29. Sayers A, Tilling K, Boucher BJ, Noonan K, Tobias JH. Predicting ambient ultraviolet from routine meteorological data; its potential use as an instrumental variable for vitamin D status in pregnancy in a longitudinal birth cohort in the UK. Int J Epidemiol 2009;38:1681-8. [PMC free article] [PubMed]
30. Tustin K, Gross J, Hayne H. Maternal exposure to first-trimester sunshine is associated with increased birth weight in human infants. Dev Psychobiol 2004;45:221-30. [PubMed]
31. Eyles DW, Smith S, Kinobe R, Hewison M, McGrath JJ. Distribution of the vitamin D receptor and 1 alpha-hydroxylase in human brain. J Chem Neuroanat 2005;29:21-30. [PubMed]
32. Eyles D, Brown J, Mackay-Sim A, McGrath J, Feron F. Vitamin D3 and brain development. Neuroscience 2003;118:641-53. [PubMed]
33. McGrath JJ, Feron FP, Burne TH, Mackay-Sim A, Eyles DW. Vitamin D3-implications for brain development. J Steroid Biochem Mol Biol 2004;89-90:557-60. [PubMed]
34. Javaid MK, Crozier SR, Harvey NC, Gale CR, Dennison EM, Boucher BJ, et al. Maternal vitamin D status during pregnancy and childhood bone mass at age 9 years: a longitudinal study. Lancet 2006;367:36-43. [PubMed]
35. Lucas RM, Ponsonby AL, Pasco JA, Morley R. Future health implications of prenatal and early-life vitamin D status. Nutr Rev 2008;66:710-20. [PubMed]
36. Delvin EE, Glorieux FH, Salle BL, David L, Varenne JP. Control of vitamin D metabolism in preterm infants: feto-maternal relationships. Arch Dis Child 1982;57:754-7. [PMC free article] [PubMed]
37. Maghbooli Z, Hossein-Nezhad A, Shafaei AR, Karimi F, Madani FS, Larijani B. Vitamin D status in mothers and their newborns in Iran. BMC Pregnancy Childbirth 2007;7:1. [PMC free article] [PubMed]
38. Munns C, Zacharin MR, Rodda CP, Batch JA, Morley R, Cranswick NE, et al. Prevention and treatment of infant and childhood vitamin D deficiency in Australia and New Zealand: a consensus statement. Med J Aust 2006;185:268-72. [PubMed]
39. Vitamin D supplementation: recommendations for Canadian mothers and infants. Paediatr Child Health 2007;12:583-98. [PMC free article] [PubMed]
40. Herrera BM, Ramagopalan SV, Lincoln MR, Orton SM, Chao MJ, Sadovnick AD, et al. Parent-of-origin effects in multiple sclerosis: observations from avuncular pairs. Neurology 2008;71:799-803. [PubMed]
41. Datta S, Alfaham M, Davies DP, Dunstan F, Woodhead S, Evans J, et al. Vitamin D deficiency in pregnant women from a non-European ethnic minority population—an interventional study. BJOG 2002;109:905-8. [PubMed]
42. Tremlett HL, Devonshire VA. Does the season or month of birth influence disease progression in multiple sclerosis? Neuroepidemiology 2006;26:195-8. [PubMed]
43. Koch M, De Keyser J, Tremlett H. Timing of birth and disease progression in multiple sclerosis. Mult Scler 2008;14:793-8. [PubMed]
44. Sadovnick AD, Duquette P, Herrera B, Yee IM, Ebers GC. A timing-of-birth effect on multiple sclerosis clinical phenotype. Neurology 2007;69:60-2. [PubMed]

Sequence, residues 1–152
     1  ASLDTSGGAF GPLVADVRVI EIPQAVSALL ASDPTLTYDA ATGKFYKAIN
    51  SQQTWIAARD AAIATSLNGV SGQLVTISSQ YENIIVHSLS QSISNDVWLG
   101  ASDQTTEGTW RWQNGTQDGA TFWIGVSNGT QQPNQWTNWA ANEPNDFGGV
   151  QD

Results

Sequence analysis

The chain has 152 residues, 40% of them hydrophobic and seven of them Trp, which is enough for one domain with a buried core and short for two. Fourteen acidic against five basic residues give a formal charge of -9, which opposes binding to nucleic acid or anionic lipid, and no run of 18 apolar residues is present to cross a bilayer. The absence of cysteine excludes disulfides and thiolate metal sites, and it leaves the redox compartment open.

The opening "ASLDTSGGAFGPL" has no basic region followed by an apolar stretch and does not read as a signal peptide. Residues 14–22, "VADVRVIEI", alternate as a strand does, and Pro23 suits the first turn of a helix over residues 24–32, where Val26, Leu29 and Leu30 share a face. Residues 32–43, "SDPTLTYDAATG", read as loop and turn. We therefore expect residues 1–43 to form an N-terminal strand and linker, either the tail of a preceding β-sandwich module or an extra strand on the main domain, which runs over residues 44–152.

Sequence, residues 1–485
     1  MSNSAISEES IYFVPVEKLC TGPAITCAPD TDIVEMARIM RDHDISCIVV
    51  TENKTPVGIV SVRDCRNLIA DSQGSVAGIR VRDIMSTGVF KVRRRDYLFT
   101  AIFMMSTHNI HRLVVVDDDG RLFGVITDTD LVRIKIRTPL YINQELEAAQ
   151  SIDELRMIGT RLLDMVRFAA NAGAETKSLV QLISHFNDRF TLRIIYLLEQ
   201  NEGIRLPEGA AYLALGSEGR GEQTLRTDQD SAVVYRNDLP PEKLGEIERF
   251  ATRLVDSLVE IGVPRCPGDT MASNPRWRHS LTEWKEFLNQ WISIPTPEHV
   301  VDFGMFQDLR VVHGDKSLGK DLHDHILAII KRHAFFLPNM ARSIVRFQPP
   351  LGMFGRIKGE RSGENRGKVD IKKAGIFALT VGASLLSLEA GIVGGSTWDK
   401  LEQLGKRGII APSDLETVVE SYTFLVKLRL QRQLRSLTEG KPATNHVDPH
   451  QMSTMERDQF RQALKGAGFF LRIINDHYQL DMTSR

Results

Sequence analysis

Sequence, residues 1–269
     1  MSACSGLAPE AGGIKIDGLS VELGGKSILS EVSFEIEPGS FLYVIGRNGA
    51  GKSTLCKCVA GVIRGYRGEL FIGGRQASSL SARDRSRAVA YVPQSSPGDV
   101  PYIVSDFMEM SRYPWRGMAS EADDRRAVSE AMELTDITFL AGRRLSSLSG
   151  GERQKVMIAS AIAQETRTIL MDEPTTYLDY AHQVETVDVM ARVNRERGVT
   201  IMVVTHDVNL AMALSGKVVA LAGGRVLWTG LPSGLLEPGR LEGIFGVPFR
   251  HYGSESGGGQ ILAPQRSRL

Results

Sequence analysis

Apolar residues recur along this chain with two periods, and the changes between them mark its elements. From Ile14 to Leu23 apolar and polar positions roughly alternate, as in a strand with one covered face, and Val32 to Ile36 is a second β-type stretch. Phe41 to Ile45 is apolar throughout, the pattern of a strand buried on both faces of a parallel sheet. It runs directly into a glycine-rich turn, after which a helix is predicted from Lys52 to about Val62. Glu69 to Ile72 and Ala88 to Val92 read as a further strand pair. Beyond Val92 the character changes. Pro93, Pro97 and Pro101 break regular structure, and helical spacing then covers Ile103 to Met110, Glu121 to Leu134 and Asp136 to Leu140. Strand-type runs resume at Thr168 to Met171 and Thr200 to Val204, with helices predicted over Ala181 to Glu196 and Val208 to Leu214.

45. Vieth R. Vitamin D supplementation, 25-hydroxyvitamin D concentrations, and safety. Am J Clin Nutr 1999;69:842-56. [PubMed]
46. Tremlett H, van der Mei IA, Pittas F, Blizzard L, Paley G, Mesaros D, et al. Monthly ambient sunlight, infections and relapse rates in multiple sclerosis. Neuroepidemiology 2008;31:271-9. [PubMed]
47. Jakovcevski I, Mo Z, Zecevic N. Down-regulation of the axonal polysialic acid-neural cell adhesion molecule expression coincides with the onset of myelination in the human fetal forebrain. Neuroscience 2007;149:328-37. [PMC free article] [PubMed]
48. Abe S, Takagi K, Yamamoto T, Okuhata Y, Kato T. Semiquantitative assessment of myelination using magnetic resonance imaging in normal fetal brains. Prenat Diagn 2004;24:352-7. [PubMed]
49. Gogal RM Jr, Holladay SD. Perinatal TCDD exposure and the adult onset of autoimmune disease. J Immunotoxicol 2008;5:413-8. [PubMed]
50. Meyer U, Yee BK, Feldon J. The neurodevelopmental impact of prenatal infections at different times of pregnancy: the earlier the worse? Neuroscientist 2007;13:241-56. [PubMed]
51. Smith SE, Li J, Garbett K, Mirnics K, Patterson PH. Maternal immune activation alters fetal brain development through interleukin-6. J Neurosci 2007;27:10695-702. [PMC free article] [PubMed]
52. Correale J, Ysrraelit MC, Gaitan MI. Immunomodulatory effects of vitamin D in multiple sclerosis. Brain 2009;132:1146-60. [PubMed]
53. Goodin DS. The causal cascade to multiple sclerosis: a model for multiple sclerosis pathogenesis. PLoS One 2009;4:e4565. [PMC free article] [PubMed]
PubReader format: click here to try


Save items

Related citations in PubMed

See reviews...See all...

Cited by other articles in PMC

See all...


  • Compound
    PubChem Compound links
  • MedGen
    Related information in MedGen
  • PubMed
    PubMed citations for these articles
  • Substance
    PubChem Substance links

Recent Activity

Your browsing activity is empty.

Activity recording is turned off.

Turn recording back on

See more...